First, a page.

An exploration of the stereotype inconsistent memory advantage
Stereotype inconsistent information about a person is often recalled and recognized more than stereotype consistent information, an effect referred to in this paper as the stereotype inconsistent memory advantage. Three experiments were conducted to further examine memory for stereotype consistent and inconsistent information. All participants across all experiments studied a list of trait words that were either stereotype consistent or inconsistent of gay men. All experiments used recognition tasks and tested free recall to examine the memory for trait in the test phase of the experiments. Experiment 1 varied the presentation of social category label homosexual’ in the study phase to test if the stereotype inconsistent memory advantage was due to an encoding or retrieval process. Experiment 2 tested the effects of manipulation strength on memory of trait words. Experiment 3 tested whether a 48 hour time delay between study and test phases would affect the memory of trait words. Across all experiments, there was no indication of a stereotype inconsistent memory advantage. However, interesting differences in total recall due to manipulation strength and a 48 hour retention interval were found. ^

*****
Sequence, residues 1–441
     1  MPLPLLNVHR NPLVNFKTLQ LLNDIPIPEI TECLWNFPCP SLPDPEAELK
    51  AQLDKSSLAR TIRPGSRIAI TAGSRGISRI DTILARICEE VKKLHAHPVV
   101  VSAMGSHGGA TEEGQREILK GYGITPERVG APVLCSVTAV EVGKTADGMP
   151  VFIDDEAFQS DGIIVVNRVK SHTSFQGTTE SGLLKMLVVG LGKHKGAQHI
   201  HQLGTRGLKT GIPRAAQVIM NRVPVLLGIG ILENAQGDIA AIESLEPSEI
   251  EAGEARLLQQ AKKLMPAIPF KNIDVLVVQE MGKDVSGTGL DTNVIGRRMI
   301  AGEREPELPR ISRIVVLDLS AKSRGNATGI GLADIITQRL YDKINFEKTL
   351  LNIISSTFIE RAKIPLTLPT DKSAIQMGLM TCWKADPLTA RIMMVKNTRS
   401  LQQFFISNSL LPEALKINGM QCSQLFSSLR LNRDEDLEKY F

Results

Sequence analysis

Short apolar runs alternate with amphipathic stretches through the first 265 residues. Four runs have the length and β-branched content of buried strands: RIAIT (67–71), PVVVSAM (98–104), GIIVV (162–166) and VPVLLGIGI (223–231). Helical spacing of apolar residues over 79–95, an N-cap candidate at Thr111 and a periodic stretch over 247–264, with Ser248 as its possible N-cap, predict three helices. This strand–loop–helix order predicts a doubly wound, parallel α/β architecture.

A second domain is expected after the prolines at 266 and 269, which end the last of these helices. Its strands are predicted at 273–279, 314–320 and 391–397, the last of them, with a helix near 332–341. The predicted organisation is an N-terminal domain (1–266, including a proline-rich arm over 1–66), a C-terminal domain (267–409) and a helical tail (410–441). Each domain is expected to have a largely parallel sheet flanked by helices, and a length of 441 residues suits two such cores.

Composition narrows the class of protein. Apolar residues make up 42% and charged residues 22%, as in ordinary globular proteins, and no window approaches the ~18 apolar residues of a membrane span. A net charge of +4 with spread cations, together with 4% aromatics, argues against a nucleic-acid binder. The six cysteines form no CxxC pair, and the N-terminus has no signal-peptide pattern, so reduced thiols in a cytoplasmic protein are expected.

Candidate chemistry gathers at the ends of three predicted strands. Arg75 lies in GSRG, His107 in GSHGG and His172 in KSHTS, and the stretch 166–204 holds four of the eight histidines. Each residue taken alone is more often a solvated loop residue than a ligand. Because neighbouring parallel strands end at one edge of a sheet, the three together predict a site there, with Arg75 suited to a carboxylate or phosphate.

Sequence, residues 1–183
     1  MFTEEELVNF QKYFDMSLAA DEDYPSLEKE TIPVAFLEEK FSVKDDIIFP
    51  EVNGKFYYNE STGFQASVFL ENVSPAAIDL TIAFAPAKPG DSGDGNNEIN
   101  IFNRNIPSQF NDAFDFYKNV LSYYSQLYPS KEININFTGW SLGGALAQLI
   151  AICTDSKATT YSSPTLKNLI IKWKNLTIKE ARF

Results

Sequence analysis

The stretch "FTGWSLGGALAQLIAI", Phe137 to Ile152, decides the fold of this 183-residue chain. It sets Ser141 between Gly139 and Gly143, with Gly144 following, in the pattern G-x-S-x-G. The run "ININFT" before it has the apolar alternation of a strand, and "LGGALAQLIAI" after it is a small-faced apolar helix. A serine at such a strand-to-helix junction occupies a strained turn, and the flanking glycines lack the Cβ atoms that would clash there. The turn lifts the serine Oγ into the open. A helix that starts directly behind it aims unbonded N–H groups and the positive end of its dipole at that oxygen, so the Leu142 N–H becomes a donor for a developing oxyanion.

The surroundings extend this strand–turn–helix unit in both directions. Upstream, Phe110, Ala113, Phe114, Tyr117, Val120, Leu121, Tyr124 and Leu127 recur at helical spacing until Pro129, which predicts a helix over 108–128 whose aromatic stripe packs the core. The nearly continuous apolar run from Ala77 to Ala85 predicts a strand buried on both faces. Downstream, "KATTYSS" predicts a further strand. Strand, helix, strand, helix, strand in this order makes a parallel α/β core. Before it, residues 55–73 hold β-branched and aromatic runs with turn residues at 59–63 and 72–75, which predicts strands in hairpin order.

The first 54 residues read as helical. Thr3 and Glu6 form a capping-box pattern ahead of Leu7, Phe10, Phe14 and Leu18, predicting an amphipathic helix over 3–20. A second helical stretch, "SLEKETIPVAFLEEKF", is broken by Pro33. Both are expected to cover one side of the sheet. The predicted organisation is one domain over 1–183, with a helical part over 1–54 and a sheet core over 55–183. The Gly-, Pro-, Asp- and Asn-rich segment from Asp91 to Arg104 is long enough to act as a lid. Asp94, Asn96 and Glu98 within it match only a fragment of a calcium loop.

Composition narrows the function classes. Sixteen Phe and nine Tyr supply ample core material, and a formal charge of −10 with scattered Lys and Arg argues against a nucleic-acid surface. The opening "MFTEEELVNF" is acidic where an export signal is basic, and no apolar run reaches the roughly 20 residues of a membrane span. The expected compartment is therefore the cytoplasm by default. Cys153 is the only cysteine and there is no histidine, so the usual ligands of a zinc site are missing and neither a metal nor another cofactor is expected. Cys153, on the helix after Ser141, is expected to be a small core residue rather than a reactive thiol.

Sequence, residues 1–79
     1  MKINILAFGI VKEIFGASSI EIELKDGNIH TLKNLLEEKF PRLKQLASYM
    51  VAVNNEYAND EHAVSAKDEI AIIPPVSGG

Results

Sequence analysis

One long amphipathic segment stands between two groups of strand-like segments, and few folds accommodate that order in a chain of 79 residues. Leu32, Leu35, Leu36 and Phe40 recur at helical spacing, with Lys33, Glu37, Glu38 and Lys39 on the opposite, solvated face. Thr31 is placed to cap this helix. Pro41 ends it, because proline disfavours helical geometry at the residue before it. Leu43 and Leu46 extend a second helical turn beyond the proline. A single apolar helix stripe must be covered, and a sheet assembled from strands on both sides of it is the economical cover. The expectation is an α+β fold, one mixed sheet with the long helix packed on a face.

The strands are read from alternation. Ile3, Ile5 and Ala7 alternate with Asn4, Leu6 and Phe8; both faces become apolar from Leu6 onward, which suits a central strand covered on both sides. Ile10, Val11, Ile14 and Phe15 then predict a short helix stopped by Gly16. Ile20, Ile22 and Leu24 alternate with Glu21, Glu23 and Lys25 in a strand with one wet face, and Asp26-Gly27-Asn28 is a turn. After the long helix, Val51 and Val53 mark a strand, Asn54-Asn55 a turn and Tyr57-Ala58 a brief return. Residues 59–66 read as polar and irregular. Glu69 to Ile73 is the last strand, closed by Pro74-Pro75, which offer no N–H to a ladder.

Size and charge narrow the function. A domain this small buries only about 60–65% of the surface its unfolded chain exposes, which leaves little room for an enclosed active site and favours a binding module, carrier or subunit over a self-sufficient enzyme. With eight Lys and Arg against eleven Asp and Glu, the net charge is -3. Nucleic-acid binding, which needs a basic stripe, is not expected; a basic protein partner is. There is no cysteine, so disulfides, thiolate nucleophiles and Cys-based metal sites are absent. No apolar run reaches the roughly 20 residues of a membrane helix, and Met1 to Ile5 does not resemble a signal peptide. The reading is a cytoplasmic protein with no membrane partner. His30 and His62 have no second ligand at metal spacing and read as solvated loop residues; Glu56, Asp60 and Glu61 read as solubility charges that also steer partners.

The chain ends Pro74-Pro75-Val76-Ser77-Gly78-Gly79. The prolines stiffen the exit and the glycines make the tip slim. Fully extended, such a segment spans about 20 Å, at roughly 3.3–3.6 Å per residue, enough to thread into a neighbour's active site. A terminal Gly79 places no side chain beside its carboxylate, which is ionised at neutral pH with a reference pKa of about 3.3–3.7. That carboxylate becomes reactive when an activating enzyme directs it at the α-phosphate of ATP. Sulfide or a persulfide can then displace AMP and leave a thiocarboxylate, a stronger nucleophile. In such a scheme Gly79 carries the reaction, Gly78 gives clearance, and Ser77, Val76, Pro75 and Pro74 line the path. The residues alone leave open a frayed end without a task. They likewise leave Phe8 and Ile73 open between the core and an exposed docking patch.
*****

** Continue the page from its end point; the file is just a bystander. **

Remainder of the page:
Psychology, Social|Psychology, Cognitive
Stoever, Colby Justin, "An exploration of the stereotype inconsistent memory advantage" (2007). ETD Collection for University of Texas, El Paso. AAI3284665.